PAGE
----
Speaking of the sideboard, there are also several notable inclusions that contributed to this deck’s success at Eternal Weekend. One of the biggest weaknesses of Splinter Twin combo is that Abrupt Decay can two-for-one you and there is little you can do against it. That is, until you bring in Misdirection and send that Abrupt Decay right back at their own Deathrite Shaman or Tarmogoyf. Misdirection is a “free” counterspell that affects cards that Force of Will typically can’t touch, making it the perfect answer for GBx decks that think they’re being smart holding up Abrupt Decay mana. Another awesome card for handling matchups that are typically bad for combo is Sulfur Elemental. This 3/2 for 2R is fairly unassuming, but giving your opponent’s White creatures a permanent +1/-1 is great for keeping pesky Thalia, Guardian of Thraben, Flickerwisp, and Mother of Runes off the table. As well, thanks to Splinter Twin you can Twin up a Sulfur Elemental to give your opponent’s creatures +2/-2, which is typically a one-sided board wipe given how small the creature suite in Death & Taxes is. Finally, Grixis Pyromancer was one of the biggest contenders going into the tournament, and even eventually winning the Legacy event. The deck centres around playing cheap spells with Young Pyromancer to generate an overwhelming army. So how does Splinter Twin deal with that? Izzet Staticaster! This card is tailor made for eliminating hordes of X/1s at instant speed. Considering how popular X/1 creatures are in Legacy are right now, I would imagine that even going up to a second copy for consistency would be a way to improve the list going forward.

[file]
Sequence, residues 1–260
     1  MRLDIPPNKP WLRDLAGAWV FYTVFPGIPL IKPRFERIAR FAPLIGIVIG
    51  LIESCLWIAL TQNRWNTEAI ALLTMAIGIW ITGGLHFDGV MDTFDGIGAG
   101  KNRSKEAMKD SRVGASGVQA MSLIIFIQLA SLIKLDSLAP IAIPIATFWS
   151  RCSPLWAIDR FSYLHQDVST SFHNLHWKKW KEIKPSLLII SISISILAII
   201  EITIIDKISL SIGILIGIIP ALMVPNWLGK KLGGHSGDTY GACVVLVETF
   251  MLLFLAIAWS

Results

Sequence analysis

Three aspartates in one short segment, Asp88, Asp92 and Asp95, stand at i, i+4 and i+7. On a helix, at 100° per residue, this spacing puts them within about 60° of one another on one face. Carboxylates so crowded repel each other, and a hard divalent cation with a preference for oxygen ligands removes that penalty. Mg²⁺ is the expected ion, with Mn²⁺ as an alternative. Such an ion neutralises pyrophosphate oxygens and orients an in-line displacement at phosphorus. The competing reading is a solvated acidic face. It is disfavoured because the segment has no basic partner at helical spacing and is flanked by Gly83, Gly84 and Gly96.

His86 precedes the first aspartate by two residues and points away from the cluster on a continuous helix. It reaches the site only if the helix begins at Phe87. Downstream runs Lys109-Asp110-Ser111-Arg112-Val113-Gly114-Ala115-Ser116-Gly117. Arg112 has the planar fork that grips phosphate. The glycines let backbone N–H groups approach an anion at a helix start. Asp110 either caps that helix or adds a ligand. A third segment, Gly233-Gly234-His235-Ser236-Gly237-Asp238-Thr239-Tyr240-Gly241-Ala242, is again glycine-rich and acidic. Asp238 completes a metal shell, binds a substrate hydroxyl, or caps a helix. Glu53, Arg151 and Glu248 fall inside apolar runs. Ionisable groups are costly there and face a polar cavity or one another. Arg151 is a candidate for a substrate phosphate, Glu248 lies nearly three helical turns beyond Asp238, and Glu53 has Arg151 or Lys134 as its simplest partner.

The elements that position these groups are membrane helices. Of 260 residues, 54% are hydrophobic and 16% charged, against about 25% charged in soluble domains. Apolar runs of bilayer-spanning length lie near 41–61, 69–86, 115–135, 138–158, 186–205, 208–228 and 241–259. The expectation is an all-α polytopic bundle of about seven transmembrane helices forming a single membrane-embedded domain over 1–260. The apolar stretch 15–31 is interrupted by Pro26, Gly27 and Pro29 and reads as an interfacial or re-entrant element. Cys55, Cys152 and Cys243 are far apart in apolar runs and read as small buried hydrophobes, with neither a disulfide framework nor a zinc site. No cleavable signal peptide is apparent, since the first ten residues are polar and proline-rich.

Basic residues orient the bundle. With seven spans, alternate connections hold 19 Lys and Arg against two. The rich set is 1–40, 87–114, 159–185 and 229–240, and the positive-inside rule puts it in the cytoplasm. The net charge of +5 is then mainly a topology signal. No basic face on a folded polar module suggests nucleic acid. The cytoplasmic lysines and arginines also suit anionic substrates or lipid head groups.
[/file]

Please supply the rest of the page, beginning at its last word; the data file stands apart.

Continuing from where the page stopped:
However, Splinter Twin wasn’t the only Modern deck to get a Legacy port. Going further down the line into the Top 32 we find an Affinity list that, save for a few lands, is entirely Modern legal. Traditionally, Legacy Affinity decks run cards like Stoneforge Mystic, Umezawa’s Jitte, or even Transmute Artifact to tutor up whatever they need. But in the case of 27th place Victoria Ezell, we’re eschewing all that fancy Legacy-only garbage for the tried and true Modern Affinity deck.